For President (2 years): Elizabeth Lawson
Elizabeth received her BA in English Literature from Bryn Mawr College, an MA in Botany from the University of Texas at Austin, a PhD in Plant Biology from Cornell University, and an MFA in Nonfiction from Southern New Hampshire University. She has worked at Kew Royal Botanic Gardens and the Brooklyn Botanic Garden, and completed a decade of work each for the Botanical Society of America and the Ecological Society of America, and completed her career with another decade of work in the Writing Department at Ithaca College, where she taught Professional Writing, Academic Writing, Writing in the Workplace, Personal Essay, Science Writing, Technical Writing, and Writing as a Naturalist. She now writes as a naturalist at www.elizabethwinpennylawson.com, and has spent the last three years working on a book about primroses for Reaktion Press’ Botanical Series. She first met primroses while working in the Decorative Department at Kew, where she potted up several hundred Primula obconica and came down with a horrible case of hives that could have ended her career as a plant lover, but did not.
For Vice-President (2 years): Mark Dyen
I have been a gardener for several decades, an interest inherited from my mother who nurtured the addictive nature of
growing or buying interesting plants that make beautiful flowers (if you let them). I’ve been a member of the New
England Chapter of APS for many years now, first joining in an attempt to figure out how to get my Thompson and
Morgan seeds to germinate (Solution: Get seeds from the seed exchange), and have gradually expanded my interest to
include more varieties, and to judging the show entries. While I am still a mixed success at propagation, I am a
champion proselytizer for the genus, and do my best as a board member to move the agenda along and reach key
decisions. I would be happy and honored to continue in that role.
For Secretary (2 years): Dean Wiegert
I joined the American Primrose Society in 2013. I live in southeastern Wisconsin, am an estate gardener by profession and a primula hobbyist at home. Cowslips were a childhood love of mine and later I discovered auriculas and the manysplendored polyanthus. I am convinced that the genus has something for every northern gardener and plant enthusiast.
I attended my first National Show in 2017, I have contributed to the quarterly, Primroses, and I have begun to help with the indexing project for that quarterly. I want to help further the society’s purpose of increasing “the general knowledge of and interest in the collecting, growing, breeding, showing and using in the landscape and garden the genus Primula in all its forms.”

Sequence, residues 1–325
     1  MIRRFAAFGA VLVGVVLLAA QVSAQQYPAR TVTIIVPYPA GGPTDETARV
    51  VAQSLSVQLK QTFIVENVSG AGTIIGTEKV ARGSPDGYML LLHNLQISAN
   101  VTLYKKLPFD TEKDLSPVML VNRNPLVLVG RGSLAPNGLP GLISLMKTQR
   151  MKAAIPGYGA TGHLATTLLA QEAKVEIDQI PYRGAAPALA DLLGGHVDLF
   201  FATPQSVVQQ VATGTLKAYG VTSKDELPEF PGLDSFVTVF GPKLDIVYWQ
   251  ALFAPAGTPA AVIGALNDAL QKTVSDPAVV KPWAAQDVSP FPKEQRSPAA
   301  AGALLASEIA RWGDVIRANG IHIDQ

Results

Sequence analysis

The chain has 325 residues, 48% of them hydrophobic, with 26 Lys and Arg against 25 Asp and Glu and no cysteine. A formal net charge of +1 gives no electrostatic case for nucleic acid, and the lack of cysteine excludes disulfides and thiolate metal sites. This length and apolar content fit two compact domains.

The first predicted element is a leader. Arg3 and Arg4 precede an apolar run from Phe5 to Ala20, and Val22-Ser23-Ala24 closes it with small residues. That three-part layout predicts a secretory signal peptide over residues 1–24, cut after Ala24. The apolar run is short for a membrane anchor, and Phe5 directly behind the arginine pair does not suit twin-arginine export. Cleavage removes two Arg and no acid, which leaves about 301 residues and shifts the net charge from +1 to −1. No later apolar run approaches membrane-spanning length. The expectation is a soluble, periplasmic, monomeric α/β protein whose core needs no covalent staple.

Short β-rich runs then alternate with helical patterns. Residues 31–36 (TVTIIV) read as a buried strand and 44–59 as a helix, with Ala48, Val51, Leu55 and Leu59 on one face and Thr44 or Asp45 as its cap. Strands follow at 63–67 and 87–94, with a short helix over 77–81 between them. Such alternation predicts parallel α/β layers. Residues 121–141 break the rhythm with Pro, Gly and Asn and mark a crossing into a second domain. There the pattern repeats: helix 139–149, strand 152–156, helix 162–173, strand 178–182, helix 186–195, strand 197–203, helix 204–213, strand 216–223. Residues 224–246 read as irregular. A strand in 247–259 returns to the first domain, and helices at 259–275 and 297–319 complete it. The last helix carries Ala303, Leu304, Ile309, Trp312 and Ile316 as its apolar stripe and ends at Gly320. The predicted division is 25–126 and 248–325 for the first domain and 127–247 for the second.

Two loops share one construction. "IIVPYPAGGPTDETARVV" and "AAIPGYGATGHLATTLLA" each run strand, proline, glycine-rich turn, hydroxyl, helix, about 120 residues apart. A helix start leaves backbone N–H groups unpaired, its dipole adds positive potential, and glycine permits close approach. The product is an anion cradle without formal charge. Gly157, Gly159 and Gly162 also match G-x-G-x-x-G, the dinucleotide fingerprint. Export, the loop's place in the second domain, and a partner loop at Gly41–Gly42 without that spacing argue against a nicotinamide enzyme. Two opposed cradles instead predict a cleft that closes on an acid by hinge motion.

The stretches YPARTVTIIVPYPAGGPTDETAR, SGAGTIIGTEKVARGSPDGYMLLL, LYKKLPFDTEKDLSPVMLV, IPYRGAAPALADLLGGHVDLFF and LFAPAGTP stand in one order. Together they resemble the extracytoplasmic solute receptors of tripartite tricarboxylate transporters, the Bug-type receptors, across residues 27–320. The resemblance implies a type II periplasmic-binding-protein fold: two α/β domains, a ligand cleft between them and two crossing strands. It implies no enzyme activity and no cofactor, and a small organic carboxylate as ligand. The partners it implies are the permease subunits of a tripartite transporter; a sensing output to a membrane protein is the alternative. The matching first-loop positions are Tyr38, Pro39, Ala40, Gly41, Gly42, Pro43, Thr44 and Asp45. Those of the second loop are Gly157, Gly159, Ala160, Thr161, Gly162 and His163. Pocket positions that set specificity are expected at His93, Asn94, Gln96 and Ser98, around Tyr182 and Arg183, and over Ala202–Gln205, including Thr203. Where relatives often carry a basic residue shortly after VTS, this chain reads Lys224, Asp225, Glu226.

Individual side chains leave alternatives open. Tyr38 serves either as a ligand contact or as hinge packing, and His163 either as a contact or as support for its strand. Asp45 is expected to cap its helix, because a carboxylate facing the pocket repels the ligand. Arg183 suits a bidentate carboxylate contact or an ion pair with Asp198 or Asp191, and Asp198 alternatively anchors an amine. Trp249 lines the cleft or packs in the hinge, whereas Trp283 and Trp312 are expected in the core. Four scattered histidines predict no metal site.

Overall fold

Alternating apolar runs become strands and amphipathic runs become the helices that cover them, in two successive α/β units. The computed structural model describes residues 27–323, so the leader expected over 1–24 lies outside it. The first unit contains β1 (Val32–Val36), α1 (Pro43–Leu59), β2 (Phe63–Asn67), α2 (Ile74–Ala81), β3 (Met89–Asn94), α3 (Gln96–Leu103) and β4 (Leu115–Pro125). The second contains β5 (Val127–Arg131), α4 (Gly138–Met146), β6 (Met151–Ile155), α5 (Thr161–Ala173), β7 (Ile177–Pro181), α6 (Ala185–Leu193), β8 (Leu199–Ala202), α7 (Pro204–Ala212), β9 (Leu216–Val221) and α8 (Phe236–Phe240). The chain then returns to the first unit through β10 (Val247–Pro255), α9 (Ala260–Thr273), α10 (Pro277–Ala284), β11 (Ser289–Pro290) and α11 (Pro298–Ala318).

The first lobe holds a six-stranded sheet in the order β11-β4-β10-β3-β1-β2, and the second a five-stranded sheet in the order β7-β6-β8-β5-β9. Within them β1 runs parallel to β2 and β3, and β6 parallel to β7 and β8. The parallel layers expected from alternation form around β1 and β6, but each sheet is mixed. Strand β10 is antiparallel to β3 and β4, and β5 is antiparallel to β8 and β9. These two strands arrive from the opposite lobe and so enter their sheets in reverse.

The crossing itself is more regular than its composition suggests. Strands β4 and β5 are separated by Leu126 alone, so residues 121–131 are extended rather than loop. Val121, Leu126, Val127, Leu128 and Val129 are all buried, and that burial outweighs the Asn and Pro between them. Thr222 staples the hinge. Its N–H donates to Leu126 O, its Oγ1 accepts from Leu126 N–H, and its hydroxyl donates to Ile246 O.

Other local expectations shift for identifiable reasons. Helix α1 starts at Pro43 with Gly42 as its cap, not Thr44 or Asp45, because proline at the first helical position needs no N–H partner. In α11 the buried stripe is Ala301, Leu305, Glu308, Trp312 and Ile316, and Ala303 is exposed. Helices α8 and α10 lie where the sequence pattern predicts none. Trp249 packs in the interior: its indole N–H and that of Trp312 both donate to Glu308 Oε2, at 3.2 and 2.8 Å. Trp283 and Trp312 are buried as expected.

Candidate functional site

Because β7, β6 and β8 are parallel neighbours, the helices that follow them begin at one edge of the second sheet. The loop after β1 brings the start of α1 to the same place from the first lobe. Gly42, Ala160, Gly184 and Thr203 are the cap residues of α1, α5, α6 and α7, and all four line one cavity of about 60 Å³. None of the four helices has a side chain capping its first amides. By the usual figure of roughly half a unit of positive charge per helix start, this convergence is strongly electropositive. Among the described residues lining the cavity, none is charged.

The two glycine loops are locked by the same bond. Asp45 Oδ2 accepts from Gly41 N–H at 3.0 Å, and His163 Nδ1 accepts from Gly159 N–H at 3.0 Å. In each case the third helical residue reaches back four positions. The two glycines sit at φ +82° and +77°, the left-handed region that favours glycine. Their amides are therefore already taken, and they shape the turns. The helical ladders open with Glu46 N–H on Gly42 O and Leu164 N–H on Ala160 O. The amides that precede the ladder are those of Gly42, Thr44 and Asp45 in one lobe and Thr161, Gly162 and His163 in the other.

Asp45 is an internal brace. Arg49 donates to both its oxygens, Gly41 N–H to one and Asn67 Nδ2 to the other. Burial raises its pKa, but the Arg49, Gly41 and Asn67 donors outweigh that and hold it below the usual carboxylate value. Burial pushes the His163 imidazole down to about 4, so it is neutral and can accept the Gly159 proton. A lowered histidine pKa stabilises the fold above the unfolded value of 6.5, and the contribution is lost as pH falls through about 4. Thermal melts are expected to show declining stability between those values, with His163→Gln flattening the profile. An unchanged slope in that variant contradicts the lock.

For Director (3 years): Janice Anthony
My mother was a devoted horticulturalist, and brought her children up to care deeply about all plants. After almost 50 years living in the cold and rocky Northeast I have continued to be fascinated by gardening and propagating. Among the perennials, primulas have been my particular favorites. I have been a member of the APS for 35 years, contributing to the seed exchange, growing primroses from seed, and opening my garden to inspire visitors to learn about this wonderful genus.
I am also a painter, working from the Maine landscape, and have learned about outreach, marketing, and social media through my career. I would like to see more new and younger people discover the world of primula, and become members of the APS.
For Director (3 years): Julia Haldorson
I have been the Membership Secretary for the American Primrose Society for many years now and a member of the American Primrose Society for many more years. It is my job to keep the membership list organized, accurate and up to date. But I do enjoy gardening and am in the process of making a new garden on Whidbey Island in Washington State.
Developing a garden there where primroses will thrive will be a challenge and I will look to APS for cultural insight and inspiration!
For Director (3 years): Patricia Hartman
My joy in gardening was instilled in me as a child. I live in Juneau, Alaska. When I first moved here in 2008, Juneau broke records that year for the number of days of continuous rain, so I believed my green thumb was going to suffer and die. I became a Master Gardener, read books, and spoke to other gardeners. While serving a 4-year stint as President of the SEAK Master Gardener, I was introduced to P. juliae at a plant sale. It was the perfect little primula for my G Scale Garden Railway. Over the last few years, many primulas have come to live on my RR but many more have expanded into my flower beds and rock gardens. I have enjoyed starting Primula from seeds and watching them grow from year to year, until they bloom. I joined the APS 3 years ago to learn more about Primula and attended last year’s Show in Juneau. This year I’m hoping to collect seed and contribute to the plant sale, write a few articles and continue to share my love of primulas. I bring to the APS many years of experience in serving on boards and committees.